Friday, June 8, 2007
Jay Maisel - Going With The Flow
The master of color and self-diagnosed nontechie talks about keeping your artistic priorities in the JPEG-versus-RAW world
On Photographic Veracity
Digital presents certain inherent problems on a philosophical level. We always knew the camera could lie, but those of us who were “straight shooters” were given the benefit of the doubt in the past. Now the image is in doubt.
I was sitting in my editing room with a friend of mine, Gary Winter, who's a documentary filmmaker and a freelance editor. We were watching a WWII “documentary film” and picking it apart, finding fault with, among other things, the insertion of music, which we felt was redundant, if not inappropriate. I asked why the hell they did that, and he said it was because “They don't have confidence in the image.” I think that's a very profound observation that relates directly to the thing that has always bothered me about digital.
There's a purity about finding things and showing them to people. You're saying, “I was there and this is what it looked like,” as opposed to, “Well, it's a better image now because I added three lions and took out two telephone poles.” Fine, but don't call it a photograph; call it what it is—a manipulated image. Let people know that it's now not a photograph, but a photographic illustration. Why is this so important to me? It's important because I want people to “have confidence in the image.”
The manipulators say, “Don't cropping, dodging and burning all manipulate the image?” Yes, but they don't put in the lions that weren't there and take out the telephone poles that were there. At best, it's a slippery slope you're on when you go digital. “I'll take out the dust spots, I'll change the color to what I remember, oh, and I might as well darken the sky for drama, and as long as I'm at it, maybe a couple of lions….”
When photography came along, artists who used it were suspect. Now photographers who “paint” or manipulate their images are suspect. Times and fashions change. David Hockney wrote that many Old Masters used a camera obscura to trace images for paintings. This raised the hackles of curators and art historians today. But as Hockney pointed out, wasn't it amazing that all subjects became left-handed (due to the reversal of the image)?
So what if they traced? Should they have said “painting with the aid of photography?” It was the 14th century. They had no idea what a photograph was. We, however, do know the difference between a photograph and a manipulated image, and to ensure veracity and honesty, each should be labeled.
On The New Digital Empowerment
Digital has enabled me to make images that I've never been able to make before. In that sense, its most important contribution has been on a conceptual, aesthetic and content level rather than a technical one. Here's why.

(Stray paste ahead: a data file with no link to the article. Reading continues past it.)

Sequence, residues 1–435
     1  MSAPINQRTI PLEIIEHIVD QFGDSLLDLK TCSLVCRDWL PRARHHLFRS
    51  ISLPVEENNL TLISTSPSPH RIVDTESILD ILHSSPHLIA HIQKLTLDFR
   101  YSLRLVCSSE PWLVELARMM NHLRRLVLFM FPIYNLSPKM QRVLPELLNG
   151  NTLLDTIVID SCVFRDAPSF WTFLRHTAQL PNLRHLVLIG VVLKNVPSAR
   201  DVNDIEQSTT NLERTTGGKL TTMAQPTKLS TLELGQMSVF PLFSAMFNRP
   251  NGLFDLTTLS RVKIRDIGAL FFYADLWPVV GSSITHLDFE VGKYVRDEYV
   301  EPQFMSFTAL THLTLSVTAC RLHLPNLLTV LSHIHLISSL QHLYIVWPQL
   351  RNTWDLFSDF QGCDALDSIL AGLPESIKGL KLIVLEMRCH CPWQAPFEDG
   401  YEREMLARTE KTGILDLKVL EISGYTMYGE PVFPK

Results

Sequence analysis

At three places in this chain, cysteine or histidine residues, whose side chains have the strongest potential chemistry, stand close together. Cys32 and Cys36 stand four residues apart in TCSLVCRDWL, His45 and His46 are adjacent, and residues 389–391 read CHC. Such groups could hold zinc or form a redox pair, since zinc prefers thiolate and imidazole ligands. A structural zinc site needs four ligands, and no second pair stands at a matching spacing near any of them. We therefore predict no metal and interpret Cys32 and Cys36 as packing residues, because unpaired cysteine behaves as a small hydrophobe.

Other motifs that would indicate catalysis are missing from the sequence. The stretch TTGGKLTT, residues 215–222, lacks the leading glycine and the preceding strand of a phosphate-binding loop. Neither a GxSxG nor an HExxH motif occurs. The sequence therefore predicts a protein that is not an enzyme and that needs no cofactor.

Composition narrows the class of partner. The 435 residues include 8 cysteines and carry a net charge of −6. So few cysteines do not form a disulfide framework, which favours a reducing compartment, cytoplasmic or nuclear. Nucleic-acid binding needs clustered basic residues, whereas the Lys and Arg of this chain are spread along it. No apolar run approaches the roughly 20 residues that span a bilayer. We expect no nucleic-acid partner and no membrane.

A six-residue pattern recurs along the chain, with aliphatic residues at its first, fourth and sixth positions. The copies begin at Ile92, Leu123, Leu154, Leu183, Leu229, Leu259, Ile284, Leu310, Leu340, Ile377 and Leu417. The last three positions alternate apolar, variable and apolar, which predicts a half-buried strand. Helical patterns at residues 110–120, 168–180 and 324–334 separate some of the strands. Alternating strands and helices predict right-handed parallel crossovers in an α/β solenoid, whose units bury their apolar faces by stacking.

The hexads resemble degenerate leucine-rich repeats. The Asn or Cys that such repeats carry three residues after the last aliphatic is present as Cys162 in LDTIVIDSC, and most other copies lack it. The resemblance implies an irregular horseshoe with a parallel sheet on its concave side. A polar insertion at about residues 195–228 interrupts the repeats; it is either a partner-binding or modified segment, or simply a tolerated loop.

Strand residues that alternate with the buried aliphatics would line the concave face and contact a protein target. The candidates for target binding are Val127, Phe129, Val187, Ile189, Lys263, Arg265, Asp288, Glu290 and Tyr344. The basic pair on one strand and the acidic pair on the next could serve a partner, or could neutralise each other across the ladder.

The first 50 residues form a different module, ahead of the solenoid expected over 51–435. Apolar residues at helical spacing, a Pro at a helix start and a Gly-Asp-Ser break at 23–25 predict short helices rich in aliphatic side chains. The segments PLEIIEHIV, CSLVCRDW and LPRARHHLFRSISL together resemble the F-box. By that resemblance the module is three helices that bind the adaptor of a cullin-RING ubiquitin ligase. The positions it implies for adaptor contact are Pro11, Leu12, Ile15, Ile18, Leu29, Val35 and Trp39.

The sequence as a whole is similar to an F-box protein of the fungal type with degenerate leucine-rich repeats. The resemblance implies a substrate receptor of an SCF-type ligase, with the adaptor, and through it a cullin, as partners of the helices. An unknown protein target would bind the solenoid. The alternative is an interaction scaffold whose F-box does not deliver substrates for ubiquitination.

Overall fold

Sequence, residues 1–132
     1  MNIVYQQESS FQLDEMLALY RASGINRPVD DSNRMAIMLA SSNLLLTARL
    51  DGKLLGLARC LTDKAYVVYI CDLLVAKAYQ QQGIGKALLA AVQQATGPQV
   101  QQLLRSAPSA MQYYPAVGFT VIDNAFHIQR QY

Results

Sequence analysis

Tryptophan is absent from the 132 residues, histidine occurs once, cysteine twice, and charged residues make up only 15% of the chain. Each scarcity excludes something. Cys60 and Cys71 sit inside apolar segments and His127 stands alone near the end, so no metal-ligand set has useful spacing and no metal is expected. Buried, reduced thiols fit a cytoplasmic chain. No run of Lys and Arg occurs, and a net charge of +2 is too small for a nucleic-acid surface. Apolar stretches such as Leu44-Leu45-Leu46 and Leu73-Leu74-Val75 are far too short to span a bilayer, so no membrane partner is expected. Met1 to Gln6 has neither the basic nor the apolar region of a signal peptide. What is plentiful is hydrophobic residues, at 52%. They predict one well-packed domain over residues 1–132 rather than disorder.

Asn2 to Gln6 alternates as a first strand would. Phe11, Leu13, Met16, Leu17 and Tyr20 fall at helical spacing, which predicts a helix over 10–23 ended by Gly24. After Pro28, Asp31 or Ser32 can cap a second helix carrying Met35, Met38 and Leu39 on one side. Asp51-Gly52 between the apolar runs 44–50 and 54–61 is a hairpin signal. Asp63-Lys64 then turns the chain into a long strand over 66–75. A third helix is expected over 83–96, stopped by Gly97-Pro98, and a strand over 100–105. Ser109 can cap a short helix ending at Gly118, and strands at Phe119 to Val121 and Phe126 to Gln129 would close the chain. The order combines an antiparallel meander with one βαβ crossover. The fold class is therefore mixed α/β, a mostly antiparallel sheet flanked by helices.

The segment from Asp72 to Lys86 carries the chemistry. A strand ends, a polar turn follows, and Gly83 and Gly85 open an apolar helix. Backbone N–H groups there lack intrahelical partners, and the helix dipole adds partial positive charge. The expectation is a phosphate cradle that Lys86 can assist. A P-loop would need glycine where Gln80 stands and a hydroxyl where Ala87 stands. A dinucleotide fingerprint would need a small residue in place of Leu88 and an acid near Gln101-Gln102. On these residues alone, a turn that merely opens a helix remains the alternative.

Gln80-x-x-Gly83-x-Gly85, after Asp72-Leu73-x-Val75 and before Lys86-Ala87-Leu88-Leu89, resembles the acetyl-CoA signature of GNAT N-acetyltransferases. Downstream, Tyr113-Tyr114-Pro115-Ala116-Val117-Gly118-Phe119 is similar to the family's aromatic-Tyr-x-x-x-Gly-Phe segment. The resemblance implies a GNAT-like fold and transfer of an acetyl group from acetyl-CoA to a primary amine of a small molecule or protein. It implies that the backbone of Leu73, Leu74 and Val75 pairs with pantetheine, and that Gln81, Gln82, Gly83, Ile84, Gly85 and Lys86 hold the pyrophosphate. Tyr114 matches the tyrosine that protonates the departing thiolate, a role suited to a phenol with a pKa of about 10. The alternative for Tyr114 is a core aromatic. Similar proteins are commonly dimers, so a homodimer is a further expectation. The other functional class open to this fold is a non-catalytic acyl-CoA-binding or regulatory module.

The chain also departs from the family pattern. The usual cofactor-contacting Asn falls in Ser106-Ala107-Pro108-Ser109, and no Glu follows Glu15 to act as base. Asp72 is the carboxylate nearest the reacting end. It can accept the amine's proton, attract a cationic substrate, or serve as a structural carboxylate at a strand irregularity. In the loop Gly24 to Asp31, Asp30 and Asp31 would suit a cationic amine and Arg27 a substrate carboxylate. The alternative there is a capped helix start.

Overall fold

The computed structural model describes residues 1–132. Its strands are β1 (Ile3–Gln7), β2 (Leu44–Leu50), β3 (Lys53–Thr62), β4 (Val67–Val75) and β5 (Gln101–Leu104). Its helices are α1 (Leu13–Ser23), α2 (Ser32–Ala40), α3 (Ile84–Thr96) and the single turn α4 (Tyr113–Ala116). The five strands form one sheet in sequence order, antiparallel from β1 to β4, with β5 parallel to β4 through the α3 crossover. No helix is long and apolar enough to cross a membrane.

I can shoot in lower light levels because digital is inherently much more sensitive to light than film.
I can handhold the camera steadier at slower shutter speeds than I ever could with film due to a shutter system less dependent on jarring mechanical systems.
Finally, I can crank up my ISO to where I need it and change my light balance to what's required. I can shoot in low light, in mixed light and in light I can hardly see in.
Some may say that all ISO changes will lead to a larger degree of “noise” (which, to some degree, is the digital equivalent of grain). But I'm looking at it as an issue of content, not form. I'm interested in getting the image. I don't want to lose it because the parameters of the technique aren't perfect.
Gary Winogrand once said that he was trying to take pictures where the content crowds out the form. I may not have the phrasing perfect, but if you can understand the gist of it, it's brilliant. If you look at any of the Pulitzer Prize-winning photographs, at many gripping newspaper photos and at almost all the telling war images, technique or form is rarely the hook. The subject, the content, the narrative is the guts of the issue, and it's that which is of paramount interest to the viewer. If I rave on about this it's because there has been an escalation of concern in terms of pixel size, noise, resolution, PPI and the like. It tends to make one forget that what this is all about is the emotional content of the image, not the technical construction of the image.
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